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Greenland Ice Melt Reaching "Tipping Point"
25 January 2019, 04:11 | Brenda Erickson
Greenland's ice melting faster than scientists previously thought – study
Greenland is melting faster than scientists previously thought, with the pace of ice loss increasing four-fold since 2003, new research has found.
The research provides fresh evidence of the dangers posed to vulnerable coastal places as diverse as Bangladesh, Miami of the US, Shanghai of China and various Pacific islands as climate change shrinks the world's land-based ice, reports the Guardian citing the study. The reason for the massive melt is because "the atmosphere is, at its baseline, warmer", he added.
Scientists have warned Greenland's ice is melting far faster than it was in 2004, and cities such as NY could be swamped. Both the atmosphere and the ocean are warming, Bevis said. "It had to be the surface mass - the ice was melting inland from the coastline", PTI quoted Michael Bevis, a professor at The Ohio State University in the USA, as saying.
"We are watching the ice sheet hit a tipping point", warned lead author Michael Bevis, a geodynamics professor at Ohio State University.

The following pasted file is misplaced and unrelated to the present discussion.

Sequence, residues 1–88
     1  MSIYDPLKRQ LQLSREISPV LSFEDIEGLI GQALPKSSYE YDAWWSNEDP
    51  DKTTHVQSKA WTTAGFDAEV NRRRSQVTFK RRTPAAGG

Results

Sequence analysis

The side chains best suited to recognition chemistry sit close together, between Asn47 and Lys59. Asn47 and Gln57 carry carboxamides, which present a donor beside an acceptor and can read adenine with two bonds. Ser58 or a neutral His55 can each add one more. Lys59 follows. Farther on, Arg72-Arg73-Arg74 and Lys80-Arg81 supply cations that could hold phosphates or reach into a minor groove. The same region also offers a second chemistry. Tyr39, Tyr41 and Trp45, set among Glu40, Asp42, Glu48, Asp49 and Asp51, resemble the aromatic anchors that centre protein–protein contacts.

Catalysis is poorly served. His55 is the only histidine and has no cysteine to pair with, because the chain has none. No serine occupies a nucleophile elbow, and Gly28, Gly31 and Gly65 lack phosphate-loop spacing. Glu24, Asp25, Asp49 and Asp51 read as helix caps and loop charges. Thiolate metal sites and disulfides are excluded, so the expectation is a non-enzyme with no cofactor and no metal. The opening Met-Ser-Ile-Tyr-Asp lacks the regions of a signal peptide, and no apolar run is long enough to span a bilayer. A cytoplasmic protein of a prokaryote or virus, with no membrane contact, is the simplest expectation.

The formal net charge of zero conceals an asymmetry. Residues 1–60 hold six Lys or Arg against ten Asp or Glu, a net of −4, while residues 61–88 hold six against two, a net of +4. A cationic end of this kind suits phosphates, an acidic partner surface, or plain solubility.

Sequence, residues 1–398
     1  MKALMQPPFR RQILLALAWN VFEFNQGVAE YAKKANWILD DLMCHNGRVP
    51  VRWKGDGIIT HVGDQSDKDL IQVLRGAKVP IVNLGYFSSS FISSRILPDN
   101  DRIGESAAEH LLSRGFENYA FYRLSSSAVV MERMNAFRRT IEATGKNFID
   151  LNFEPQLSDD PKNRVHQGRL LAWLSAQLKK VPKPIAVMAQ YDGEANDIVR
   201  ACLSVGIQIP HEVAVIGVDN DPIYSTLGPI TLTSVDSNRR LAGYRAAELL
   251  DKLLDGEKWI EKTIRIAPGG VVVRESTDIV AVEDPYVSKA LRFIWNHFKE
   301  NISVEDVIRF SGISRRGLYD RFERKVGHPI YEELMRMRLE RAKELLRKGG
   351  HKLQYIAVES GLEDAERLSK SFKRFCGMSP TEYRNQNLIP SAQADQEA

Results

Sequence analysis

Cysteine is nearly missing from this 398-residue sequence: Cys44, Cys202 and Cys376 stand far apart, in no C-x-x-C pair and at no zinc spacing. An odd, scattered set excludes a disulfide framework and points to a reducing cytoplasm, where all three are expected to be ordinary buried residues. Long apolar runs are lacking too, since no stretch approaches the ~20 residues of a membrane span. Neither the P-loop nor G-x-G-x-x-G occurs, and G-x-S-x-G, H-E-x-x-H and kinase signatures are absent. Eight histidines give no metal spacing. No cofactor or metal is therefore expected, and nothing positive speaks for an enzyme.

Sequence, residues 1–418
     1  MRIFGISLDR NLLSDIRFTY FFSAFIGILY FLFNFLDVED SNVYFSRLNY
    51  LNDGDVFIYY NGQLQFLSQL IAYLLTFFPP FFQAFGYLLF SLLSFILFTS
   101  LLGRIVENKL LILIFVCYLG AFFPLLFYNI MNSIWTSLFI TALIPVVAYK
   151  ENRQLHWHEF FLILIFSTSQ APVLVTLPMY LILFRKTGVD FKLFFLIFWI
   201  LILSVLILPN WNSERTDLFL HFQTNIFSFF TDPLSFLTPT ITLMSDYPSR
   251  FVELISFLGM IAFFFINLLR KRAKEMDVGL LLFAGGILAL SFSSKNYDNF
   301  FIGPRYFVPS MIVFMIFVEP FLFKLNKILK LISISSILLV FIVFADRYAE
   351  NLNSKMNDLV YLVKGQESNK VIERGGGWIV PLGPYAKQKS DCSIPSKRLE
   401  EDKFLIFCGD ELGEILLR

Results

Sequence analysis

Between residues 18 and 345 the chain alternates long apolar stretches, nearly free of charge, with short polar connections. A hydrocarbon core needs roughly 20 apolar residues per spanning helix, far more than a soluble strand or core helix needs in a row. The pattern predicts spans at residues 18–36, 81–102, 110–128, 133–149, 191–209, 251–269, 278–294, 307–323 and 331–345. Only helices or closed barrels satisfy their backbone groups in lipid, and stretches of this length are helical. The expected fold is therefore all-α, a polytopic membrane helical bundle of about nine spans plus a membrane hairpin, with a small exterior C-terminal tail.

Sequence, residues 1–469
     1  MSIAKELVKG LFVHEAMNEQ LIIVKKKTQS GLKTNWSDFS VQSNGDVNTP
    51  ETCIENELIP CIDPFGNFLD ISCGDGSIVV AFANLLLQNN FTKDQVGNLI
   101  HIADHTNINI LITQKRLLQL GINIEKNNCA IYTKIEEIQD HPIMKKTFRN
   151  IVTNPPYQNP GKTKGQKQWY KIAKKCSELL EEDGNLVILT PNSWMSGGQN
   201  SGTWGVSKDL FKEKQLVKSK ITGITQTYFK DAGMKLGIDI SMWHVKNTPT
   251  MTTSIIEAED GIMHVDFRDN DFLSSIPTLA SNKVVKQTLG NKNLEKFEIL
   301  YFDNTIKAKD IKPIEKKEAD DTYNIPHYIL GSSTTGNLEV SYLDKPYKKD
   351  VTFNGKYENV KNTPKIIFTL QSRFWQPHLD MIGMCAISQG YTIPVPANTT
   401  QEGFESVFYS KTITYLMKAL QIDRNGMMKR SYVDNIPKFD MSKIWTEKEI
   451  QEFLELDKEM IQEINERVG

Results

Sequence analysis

The study also shows that the higher sea level could be potentially risky for US coastal cities such as NY and Miami.
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Bevis and his team hypothesize that Greenland's melting is accelerating so much because the effects of a natural atmospheric circulation cycle, called the North Atlantic Oscillation, are being amplified by the broader warming that the planet is facing. If the ice on the world's largest island is melting more quickly than previous realized, that spells trouble.
The patterns they found show an alarming trend - by 2012, ice was being lost at almost four times the rate which prevailed in 2003, researchers said.
However, the rate of ice loss across the island was far from steady. And furthermore, this effect could not be made, at least partially, even in the case of a stop of global warming will be reversed. "The transient warming driven by the North Atlantic Oscillation was riding on top of more sustained, global warming". Data from these satellites showed that between 2002 and 2016, Greenland lost approximately 280 gigatons of ice per year, equivalent to 0.03 inches of sea level rise each year. Thus, over the 20th century, the sea level rose by 14 centimeters, which is directly related to global warming, without which this figure would be at least two times lower.
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